Each time you read a given text, your brain processes visual stimuli to create meaning and understand the content. Chances are, you don’t pay much attention to how information is presented in the material – especially the choice of font – because your primary focus is reading comprehension rather than reading comprehension. aesthetic.
Although typography is overlooked by most of us (except design enthusiasts), it is crucial in making texts readable, readable, and appealing to the public. Beyond the visual aspect, the research shows that fonts play an important role in the cognitive processes that occur as we read. The impact of a font on the way you learn and retain information can be hard to consciously notice, but your brain is certainly listening.
According to some studies, hard-to-read fonts such as Bodoni, Comic Sans, Haettenschweiler or Monotype Corsiva are better at retaining information than fonts like Arial or Times New Roman. According to a 2010 study Posted in Proceedings of the annual meeting of the Cognitive Science Society.
In addition, a 2013 study in the Education Research Journal found that this benefit also applies to students with dyslexia. It may seem counterintuitive, but in reality, the increased demand for mental processing can promote better attention to the task at hand and improve the reader’s ability to retain information.
“Difficulty can function as a red flag, making the reader feel that the task is difficult and will require mental effort. It gets the reader to really focus on the material – instead of going through it – and this additional in-depth processing helps us learn the material better, ”says Daniel Oppenheimer, professor of psychology at Carnegie Mellon University and one of the authors of the 2010 study. In addition, slowing down the reading speed to deal with disfluence may also to augment the probability of spotting errors in a text.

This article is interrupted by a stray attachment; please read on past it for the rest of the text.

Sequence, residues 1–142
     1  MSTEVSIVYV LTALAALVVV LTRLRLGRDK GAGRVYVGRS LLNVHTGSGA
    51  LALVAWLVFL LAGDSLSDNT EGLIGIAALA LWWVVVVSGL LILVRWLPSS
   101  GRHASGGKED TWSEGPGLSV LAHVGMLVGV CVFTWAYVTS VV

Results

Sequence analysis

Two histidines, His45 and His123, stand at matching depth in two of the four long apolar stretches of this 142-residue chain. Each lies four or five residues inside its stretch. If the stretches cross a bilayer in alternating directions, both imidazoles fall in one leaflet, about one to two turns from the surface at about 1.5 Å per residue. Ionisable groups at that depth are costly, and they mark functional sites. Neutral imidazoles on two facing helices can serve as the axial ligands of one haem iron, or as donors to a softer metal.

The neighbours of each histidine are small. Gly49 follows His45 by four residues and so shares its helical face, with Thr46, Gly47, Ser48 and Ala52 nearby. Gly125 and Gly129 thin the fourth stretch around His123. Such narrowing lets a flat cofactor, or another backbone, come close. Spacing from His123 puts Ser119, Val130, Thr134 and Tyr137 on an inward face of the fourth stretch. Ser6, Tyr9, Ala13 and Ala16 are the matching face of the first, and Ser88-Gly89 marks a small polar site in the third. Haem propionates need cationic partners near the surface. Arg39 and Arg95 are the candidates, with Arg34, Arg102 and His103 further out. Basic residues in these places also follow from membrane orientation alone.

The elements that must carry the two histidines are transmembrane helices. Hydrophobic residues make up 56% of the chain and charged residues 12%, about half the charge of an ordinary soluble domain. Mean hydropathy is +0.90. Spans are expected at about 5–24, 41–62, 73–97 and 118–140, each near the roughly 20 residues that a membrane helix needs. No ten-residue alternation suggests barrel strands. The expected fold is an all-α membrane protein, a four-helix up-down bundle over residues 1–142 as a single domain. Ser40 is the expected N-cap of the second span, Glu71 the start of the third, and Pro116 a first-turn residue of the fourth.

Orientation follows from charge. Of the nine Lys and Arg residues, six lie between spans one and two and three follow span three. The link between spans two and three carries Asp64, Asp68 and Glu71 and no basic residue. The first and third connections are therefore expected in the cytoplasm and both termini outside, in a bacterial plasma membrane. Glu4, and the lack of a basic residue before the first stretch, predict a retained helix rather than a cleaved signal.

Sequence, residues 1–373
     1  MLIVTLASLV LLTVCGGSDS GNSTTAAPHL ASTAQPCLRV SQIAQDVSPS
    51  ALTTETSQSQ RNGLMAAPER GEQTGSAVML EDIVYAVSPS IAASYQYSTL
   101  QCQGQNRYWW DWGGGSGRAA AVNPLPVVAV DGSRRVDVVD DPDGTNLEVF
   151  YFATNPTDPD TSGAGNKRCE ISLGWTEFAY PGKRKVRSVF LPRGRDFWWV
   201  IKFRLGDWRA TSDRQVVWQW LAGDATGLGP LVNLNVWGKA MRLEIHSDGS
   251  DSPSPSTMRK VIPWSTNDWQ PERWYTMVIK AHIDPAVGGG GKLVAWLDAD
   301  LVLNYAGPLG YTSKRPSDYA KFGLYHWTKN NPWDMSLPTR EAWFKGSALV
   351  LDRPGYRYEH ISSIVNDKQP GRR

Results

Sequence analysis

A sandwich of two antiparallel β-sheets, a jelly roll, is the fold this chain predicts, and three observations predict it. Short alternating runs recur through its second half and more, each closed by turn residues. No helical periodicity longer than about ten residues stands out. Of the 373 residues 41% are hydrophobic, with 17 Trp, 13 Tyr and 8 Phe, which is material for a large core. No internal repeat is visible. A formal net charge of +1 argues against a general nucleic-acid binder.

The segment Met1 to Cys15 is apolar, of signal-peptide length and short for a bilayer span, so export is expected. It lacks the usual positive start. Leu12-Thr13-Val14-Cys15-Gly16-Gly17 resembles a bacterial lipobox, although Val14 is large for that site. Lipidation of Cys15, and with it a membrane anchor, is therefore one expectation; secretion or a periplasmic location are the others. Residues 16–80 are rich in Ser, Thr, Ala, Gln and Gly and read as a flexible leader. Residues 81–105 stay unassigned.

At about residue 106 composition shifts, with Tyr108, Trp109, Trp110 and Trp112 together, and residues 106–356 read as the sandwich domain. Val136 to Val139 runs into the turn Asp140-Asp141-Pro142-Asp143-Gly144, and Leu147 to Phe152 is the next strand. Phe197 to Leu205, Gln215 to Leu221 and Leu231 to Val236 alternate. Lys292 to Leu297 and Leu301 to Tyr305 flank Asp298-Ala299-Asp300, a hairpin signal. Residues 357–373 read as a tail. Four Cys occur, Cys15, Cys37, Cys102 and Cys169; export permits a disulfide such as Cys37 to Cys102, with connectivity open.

Hard-to-read fonts, which make it more difficult to interact with a material but do not actually distract the reader, therefore generate “desirable difficulty” – the resulting cognitive loads can to improve performance because they require more mental effort.
Because font disfluence can benefit information retention, a team of designers and behavior specialists from RMIT University created Without Forgetics, a hard-to-read font that’s been specially designed to invoke more in-depth treatment. It has an atypical back design and spaced letters that trick the brain into completing the shape of the letter. The concept of desirable difficulty was Sans Forgetica’s premise: its letter shape is just unconventional enough to be noticeable and trigger memory recall, but not to the point of being considered incomprehensible, says Stephen Banham, professor of typography at RMIT University in Melbourne, Australia who helped create the police.
Sans Forgetica was released in 2018 to help students remember short answers, sentences, or prompts. “We read words recognizing their outline rather than letter by letter, so this should be respected in longer texts. Our brain just compares this shape with our memory of what that word should look like, ”Banham explains. Applying the desirable difficulty in fonts may be ideal for small pieces of information such as keywords, phrases, or single sentences – which makes it suitable for advertising or headlines – but not for them. longer texts, he notes.